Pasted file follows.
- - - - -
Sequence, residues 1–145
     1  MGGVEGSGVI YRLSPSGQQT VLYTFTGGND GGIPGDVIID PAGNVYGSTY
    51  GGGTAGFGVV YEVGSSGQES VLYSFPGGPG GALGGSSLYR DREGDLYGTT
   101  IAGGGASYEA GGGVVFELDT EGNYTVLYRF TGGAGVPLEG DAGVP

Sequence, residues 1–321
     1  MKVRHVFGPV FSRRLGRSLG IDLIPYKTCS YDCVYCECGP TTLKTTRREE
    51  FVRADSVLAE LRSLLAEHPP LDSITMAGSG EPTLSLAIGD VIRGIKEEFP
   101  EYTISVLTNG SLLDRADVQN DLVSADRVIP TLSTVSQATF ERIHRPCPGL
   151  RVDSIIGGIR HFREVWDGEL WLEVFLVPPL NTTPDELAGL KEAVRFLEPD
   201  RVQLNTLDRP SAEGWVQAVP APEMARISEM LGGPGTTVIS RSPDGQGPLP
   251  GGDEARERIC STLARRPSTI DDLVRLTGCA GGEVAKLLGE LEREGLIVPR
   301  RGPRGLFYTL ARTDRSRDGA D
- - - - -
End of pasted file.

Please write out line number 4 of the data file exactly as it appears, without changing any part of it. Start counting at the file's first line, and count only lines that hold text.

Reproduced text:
   101  IAGGGASYEA GGGVVFELDT EGNYTVLYRF TGGAGVPLEG DAGVP